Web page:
Early effect of platelet-rich plasma on bone healing in combination with an osteoconductive material in rat cranial defects.
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SourceClinical Oral Implants Research, 18, 2, (2007), pp. 244-251
Article / Letter to editor
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Periodontology and Biomaterials
Oral and Maxillofacial Surgery
Clinical Oral Implants Research
SubjectNCMLS 1: Immunity, infection and tissue repair; NCMLS 3: Tissue engineering and pathology; UMCN 4.3: Tissue engineering and reconstructive surgery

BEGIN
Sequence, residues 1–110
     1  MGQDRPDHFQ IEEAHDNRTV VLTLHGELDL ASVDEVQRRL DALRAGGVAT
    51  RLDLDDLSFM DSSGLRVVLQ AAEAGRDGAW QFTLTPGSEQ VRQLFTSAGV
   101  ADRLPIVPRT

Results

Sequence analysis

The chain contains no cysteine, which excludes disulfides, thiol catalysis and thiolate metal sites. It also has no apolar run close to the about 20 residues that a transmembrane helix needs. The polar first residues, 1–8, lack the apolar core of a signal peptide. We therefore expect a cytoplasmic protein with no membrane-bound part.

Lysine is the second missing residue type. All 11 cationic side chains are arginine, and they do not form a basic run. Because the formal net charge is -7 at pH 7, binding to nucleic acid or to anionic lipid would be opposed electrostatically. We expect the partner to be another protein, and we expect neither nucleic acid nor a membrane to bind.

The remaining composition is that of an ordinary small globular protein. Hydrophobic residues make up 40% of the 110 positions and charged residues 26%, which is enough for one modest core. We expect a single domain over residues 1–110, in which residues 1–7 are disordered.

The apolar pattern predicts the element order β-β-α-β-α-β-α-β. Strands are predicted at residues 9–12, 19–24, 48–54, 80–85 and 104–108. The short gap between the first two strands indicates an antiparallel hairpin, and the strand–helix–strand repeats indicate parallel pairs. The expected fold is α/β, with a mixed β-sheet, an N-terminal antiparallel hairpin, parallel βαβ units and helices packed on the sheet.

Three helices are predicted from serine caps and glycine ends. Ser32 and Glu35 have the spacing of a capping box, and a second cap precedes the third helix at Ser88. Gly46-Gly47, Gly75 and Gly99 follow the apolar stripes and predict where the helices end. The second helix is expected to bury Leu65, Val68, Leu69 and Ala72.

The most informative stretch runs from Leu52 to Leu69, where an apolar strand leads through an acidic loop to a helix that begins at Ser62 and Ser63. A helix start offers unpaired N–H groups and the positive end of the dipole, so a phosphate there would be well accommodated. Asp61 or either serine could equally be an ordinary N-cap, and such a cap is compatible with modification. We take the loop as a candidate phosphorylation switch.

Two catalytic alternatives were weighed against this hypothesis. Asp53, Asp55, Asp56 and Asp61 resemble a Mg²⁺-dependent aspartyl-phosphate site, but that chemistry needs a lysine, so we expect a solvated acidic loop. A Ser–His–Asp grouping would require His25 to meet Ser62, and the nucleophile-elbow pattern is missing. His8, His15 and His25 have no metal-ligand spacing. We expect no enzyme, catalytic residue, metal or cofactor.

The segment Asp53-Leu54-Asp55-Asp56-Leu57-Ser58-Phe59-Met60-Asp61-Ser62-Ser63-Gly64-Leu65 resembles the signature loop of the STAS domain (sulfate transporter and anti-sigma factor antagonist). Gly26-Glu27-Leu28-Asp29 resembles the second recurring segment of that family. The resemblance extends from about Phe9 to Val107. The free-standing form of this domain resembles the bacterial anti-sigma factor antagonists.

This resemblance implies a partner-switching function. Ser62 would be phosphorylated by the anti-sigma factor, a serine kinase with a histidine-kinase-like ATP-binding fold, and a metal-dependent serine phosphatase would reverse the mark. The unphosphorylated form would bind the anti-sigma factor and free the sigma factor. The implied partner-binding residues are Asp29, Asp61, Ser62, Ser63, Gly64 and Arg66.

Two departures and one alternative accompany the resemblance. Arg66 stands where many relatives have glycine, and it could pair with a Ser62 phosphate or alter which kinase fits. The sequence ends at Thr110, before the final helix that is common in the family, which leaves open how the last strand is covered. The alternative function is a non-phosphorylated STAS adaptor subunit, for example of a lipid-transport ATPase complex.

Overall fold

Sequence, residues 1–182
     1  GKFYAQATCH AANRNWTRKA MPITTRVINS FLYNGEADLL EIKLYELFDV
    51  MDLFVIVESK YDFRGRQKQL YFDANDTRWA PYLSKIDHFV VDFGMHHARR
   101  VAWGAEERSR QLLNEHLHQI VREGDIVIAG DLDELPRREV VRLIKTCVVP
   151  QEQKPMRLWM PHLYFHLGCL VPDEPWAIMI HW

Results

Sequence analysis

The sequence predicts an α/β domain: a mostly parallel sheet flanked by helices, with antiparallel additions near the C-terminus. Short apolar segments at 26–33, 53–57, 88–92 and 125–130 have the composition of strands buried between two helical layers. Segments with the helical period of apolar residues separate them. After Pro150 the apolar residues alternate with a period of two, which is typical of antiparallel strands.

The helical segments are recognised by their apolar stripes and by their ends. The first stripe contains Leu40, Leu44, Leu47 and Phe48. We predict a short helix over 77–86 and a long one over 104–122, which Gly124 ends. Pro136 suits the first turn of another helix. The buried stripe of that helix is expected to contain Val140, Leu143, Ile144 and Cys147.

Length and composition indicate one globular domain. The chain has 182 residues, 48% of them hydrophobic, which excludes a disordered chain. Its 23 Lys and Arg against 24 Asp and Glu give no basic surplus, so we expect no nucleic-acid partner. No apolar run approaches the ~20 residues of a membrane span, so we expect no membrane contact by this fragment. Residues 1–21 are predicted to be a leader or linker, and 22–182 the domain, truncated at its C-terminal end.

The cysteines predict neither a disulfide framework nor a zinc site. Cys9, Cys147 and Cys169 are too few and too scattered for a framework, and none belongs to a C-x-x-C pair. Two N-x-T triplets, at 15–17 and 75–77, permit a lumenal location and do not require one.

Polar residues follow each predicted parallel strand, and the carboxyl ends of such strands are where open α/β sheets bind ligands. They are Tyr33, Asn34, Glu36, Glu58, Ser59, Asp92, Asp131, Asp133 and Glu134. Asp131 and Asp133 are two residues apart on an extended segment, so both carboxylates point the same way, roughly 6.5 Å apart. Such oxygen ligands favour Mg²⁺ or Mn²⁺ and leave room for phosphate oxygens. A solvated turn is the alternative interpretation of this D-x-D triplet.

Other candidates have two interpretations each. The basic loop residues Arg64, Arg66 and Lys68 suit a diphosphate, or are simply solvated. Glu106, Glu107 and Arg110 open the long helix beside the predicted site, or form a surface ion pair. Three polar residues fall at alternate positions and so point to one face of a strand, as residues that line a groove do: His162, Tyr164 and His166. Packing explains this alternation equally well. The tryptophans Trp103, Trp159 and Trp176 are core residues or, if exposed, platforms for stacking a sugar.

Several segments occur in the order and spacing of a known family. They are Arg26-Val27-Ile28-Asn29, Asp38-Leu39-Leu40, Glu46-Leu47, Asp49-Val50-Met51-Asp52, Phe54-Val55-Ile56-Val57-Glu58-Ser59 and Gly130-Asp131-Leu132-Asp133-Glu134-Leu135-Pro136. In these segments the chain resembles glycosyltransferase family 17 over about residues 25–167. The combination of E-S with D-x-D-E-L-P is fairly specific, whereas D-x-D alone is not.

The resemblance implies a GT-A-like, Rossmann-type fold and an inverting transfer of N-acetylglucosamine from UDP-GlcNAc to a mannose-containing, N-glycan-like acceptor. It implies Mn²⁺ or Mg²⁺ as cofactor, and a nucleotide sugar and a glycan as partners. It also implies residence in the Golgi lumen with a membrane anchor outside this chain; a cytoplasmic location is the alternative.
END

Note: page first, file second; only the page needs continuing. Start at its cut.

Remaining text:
OBJECTIVE: The early effect of platelet-rich plasma (PRP) on bone regeneration in combination with dense biphasic hydroxyl apatite (HA)/beta-tricalcium phosphate (TCP) particles (ratio 60%/40%) was evaluated in rat cranial defects with a diameter of 6.2 mm. We hypothesize that PRP exerts its beneficial effect on bone regeneration within the first and second week after application in a bone defect combined with an osteoconductive material. MATERIALS AND METHODS: Forty-five rats were used in the study, in which always one cranial defect was created. The defects were filled with HA/beta-TCP particles and HA/beta-TCP particles combined with PRP gel. Some defects were also left unfilled as control. One and two weeks after surgery specimens were retrieved for light microscopy [hematoxylin-eosin, trichrome staining (Masson modification Goldner) and basic fuchsin-methylene blue] and micro-CT analysis to evaluate bone formation and neovascularization. One-way analysis of variance was performed on the raw data obtained from micro-CT analyses. RESULTS: The histological evaluation showed no effect of PRP on bone formation and neovascularization for both implantation times. In the first week, the defect closure was evaluated subjectively to be between 10% and 50% in all samples, whereas no difference among the groups appeared to occur. After 2 weeks, complete bridging of the original bone defect was observed for most of the empty defects, as well as for the defects that contained HA/beta-TCP particles. The trichrome staining revealed no difference in the number of blood vessels between the PRP and non-PRP groups for both implantation times. The osteoconductive nature of dense HA/beta-TCP particles was confirmed, as the bone formation was guided by their outer surfaces and resulted in a larger amount of newly formed bone in comparison with the empty defects. The quantitative micro-CT analysis demonstrated a statistically significant difference in new bone formation between the empty defects and defects filled with particles after 1 week of implantation, but there was no difference between the non-PRP and PRP groups. In at the second week, no difference in bone formation among all groups was observed, whereas even the non-filled control defects were almost completely closed. CONCLUSIONS: A 6.2 mm cranial defect is not a critical-sized defect in rats. Rat PRP had no effect on the early stages of bone healing in addition to an osteoconductive material. Dense HA/beta-TCP particles showed a beneficial effect on bone formation already after 1 and 2 weeks of implantation in non-critical-sized cranial defects in rats.
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